3. How do you stay green and not get disillusioned if greenwashing is so pervasive?
One way we can have some control is to take responsibility for what we buy: learn about how your groceries, household goods, clothes, furniture, etc. are made. Stop buying products made by companies doing environmental damage.
The companies provide lots of information in their sustainability reports, though those reports must be taken with a grain of salt because they are essentially corporate marketing tools. But company information on what raw materials they used; where they come from; how and where they are manufactured; etc. can be a great jumping off point for delving into studies of environmental problems tied to industrial activity. Groups like Rainforest Action Network, Environmental Investigative Agency and Friends of the Earth have done in-depth research on environmental degradation caused by illegal logging and cash crops like soybeans, coffee and palm oil. Others groups have studied pollution impacts. For instance, the Political Economy Research institute at the University of Massachusetts puts out “The Toxic 100,” an annual list of the worst corporate air polluters. (It’s available right here.)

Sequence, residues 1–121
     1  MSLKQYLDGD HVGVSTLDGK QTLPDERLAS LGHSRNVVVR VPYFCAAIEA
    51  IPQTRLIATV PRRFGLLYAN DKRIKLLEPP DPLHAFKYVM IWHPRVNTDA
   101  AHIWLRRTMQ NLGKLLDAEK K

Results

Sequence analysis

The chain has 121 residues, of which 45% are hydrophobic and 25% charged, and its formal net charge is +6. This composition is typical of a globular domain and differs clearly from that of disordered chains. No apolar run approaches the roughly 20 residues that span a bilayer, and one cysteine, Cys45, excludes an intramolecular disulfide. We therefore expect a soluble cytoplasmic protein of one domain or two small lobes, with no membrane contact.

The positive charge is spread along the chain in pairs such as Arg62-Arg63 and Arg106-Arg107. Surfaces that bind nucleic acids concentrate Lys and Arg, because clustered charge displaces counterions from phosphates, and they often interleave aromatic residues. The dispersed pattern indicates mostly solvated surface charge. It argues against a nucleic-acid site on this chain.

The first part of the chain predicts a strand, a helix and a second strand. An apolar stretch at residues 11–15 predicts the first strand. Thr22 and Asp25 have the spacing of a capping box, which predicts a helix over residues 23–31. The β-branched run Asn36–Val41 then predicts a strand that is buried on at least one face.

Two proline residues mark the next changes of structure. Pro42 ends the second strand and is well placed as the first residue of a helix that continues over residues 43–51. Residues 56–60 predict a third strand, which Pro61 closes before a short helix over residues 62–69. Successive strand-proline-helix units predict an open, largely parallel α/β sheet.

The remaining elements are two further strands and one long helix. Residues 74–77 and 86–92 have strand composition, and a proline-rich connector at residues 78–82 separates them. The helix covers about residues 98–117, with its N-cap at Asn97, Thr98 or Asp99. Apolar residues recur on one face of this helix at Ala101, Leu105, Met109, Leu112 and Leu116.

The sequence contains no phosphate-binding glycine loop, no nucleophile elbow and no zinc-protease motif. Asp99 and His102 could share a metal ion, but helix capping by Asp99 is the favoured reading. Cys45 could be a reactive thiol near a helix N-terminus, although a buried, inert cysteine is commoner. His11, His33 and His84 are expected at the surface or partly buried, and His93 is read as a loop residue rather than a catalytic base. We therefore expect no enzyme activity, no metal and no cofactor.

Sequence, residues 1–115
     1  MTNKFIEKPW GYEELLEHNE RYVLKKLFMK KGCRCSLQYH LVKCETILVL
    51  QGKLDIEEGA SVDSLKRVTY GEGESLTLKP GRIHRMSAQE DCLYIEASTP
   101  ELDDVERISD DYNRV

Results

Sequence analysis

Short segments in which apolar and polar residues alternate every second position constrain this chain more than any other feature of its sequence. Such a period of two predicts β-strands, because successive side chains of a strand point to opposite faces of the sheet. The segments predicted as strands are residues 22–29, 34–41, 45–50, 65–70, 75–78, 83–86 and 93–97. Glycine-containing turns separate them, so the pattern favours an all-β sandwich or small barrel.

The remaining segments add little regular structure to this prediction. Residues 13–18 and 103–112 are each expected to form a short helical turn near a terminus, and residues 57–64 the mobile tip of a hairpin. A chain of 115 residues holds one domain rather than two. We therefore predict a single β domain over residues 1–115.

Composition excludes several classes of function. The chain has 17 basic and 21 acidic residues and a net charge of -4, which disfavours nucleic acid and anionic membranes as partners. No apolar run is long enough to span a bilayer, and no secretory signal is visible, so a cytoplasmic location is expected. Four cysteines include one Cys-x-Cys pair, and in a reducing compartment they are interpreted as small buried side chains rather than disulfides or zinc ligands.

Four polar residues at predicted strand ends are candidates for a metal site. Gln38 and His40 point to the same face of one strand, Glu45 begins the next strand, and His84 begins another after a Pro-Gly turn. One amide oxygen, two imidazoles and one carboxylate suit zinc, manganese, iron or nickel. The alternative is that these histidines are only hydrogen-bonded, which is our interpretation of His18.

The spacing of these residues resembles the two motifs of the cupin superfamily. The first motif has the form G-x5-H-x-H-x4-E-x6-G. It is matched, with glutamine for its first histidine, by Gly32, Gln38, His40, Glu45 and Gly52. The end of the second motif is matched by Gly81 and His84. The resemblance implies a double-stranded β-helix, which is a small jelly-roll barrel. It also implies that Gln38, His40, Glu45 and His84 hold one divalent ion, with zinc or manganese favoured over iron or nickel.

The good news is we don’t have to choose between a healthy economy and a healthy environment, according to a growing number of studies. McKinsey & Co., the business consulting firm for Fortune 500 companies, spent two years looking at what it would take to reduce greenhouse emissions as recommended by the U.N. panel. McKinsey’s experts concluded the cost would be “quite low on a societal basis” with much of the initial investment yielding long-term savings in energy costs and stimulating economic activity. So it’s not a question of “if” we can do something to reverse the decline of the Earth’s living systems; it’s a question of whether governments and corporations are willing to make the investments in cleaner technology. It’s also clear that if we do nothing the world economy is going to be enormously vulnerable to losses from adverse weather, declining agricultural productivity, water shortages, and so on, not to mention the impact on people and other species.